They’re more advanced than robots or bots. Bots are machines that have built in combinations of algorithms and intentions and are usually for a single task or need. Bots are already in use far and wide. There are chatbots like Siri or ALICE, therapy bots that work in hospital settings, and the list goes on.

Take for example ‘journobots’. Many large news organizations  use journobots for articles such as sports and business. The Associated Press, for example, uses a journobot program called Wordsmith to write over 1,000 articles a month.

There are more bots on the internet than humans. Almost 60 percent of 2014’s internet traffic consisted of automated code. The figure is much higher today. Ever notice all the porn bots on #Nanaimo?

Instant composer

Google has another AI project called Magenta to create music and art. Given just three notes, Magenta came up with this 90 second song:

Full AI (artificial intelligence) and the threat to humans

Now scientists are developing super intelligent beings with self-will; machines that will think smarter than humans and eventually strike out on their own. Full AI — a conscious machine with self-will — could be more dangerous than anything that we have known to exist so far.

AI machines, or ‘artificial agents’ might go rogue. What’s going to stop them? A big red button? That’s what Google says it can do. But what if these artificial agents get aligned with some zealot that wants to unleash harm on the world? It’s not a stretch to think what might happen.

Future of Humanity Institute led by Nick Bostrom, believes that machines will outsmart humans within the next 100 years and thinks they have the potential to turn against us.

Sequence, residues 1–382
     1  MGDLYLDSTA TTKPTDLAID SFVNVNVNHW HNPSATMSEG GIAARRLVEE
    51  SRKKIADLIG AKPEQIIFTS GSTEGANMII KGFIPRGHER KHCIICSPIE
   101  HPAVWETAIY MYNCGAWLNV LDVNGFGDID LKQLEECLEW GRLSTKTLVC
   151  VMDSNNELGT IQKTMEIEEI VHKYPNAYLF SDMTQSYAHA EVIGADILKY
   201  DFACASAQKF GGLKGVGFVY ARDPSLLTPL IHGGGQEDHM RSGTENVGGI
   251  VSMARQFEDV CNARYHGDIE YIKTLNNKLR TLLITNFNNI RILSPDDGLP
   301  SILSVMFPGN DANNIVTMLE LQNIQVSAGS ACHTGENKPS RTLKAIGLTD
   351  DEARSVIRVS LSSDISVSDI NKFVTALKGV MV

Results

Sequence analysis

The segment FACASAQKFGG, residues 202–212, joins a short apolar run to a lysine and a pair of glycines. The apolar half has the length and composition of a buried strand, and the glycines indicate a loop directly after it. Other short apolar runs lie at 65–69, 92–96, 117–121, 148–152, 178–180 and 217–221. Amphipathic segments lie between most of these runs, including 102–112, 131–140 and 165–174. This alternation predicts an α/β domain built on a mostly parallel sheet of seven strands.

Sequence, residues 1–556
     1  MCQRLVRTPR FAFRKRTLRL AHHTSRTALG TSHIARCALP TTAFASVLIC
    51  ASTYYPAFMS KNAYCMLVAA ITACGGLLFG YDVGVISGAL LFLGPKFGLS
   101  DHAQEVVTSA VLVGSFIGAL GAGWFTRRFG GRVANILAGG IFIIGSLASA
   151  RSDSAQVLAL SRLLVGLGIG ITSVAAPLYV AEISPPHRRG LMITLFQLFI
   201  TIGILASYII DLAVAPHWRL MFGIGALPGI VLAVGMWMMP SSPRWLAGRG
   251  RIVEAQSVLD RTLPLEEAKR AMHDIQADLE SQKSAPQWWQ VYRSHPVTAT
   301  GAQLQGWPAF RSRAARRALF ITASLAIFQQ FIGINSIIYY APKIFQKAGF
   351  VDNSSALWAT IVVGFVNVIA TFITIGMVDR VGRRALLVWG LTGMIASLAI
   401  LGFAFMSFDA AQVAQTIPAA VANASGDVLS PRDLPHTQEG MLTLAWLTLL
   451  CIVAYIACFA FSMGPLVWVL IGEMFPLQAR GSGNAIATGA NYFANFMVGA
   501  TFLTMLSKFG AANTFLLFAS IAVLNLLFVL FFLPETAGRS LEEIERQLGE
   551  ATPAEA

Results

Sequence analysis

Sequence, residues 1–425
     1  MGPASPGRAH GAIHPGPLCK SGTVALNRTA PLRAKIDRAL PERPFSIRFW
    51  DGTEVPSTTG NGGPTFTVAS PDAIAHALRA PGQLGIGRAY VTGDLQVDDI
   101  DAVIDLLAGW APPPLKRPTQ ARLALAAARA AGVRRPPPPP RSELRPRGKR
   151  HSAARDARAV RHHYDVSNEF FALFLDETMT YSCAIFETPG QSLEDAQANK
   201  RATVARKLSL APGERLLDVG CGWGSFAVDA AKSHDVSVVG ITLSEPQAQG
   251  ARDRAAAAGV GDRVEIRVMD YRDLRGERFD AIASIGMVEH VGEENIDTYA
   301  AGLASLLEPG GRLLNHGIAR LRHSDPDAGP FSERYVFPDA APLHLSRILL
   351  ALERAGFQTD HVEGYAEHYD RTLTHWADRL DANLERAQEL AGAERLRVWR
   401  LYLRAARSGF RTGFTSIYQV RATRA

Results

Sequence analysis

In a recent interview, Elon Musk said that he is so concerned he set up an open source AI organization so in case something does happen, not all AI intelligence will be held by a few players. He said he was worried about “one company in particular” – and many believe he was referring to Google.

It’s important that AI not be concentrated in the hands of a few and potentially lead to a world that we don’t want.

meet AlphaGo – artificial agent

In 2011, the founders of DeepMind designed an artificial agent called AlphaGo.

Alpha Go played games. It learned on its own with little human intervention, except by either getting rewarded or punished. This is what set it apart from anything else so far.

It got really good at playing Go, a Chinese board game exponentially more complex than Chess. To prove its abilities, in October 2015, AlphaGo played against Europe’s reigning Go champion, Fan Hui. It beat Hui in five games.

In March of this year, 60 million viewers in China (100 million worldwide) watched the match between South Korean Go Master Lee Se-dol and AlphaGo.  AlphaGo won game 3 and the match. It was an historic moment. In Korea, five books have already been published about the famous match.

AlphaGo is now the world’s number one Go player, the first non-human to win the honour.

Google’s DeepMind

When Google bought DeepMind in January 2014 in a deal  worth £300-400 million, the founders of DeepMind had one condition: create an AI ethics board. Google did but they won’t reveal who sits on it. Why not?

In May of this year it was revealed that Google’s DeepMind had been given access to the healthcare data of up to 1.6 million patients from three hospitals in England run by London’s Royal Free Trust in order to develop an app, called Streams.

Google recently announced that “by applying DeepMind’s machine learning to our own Google data centres, we’ve managed to reduce the amount of energy we use for cooling by up to 40%.” They plan to tell the world about possible applications of this technology including improving power plant conversion efficiency and water usage.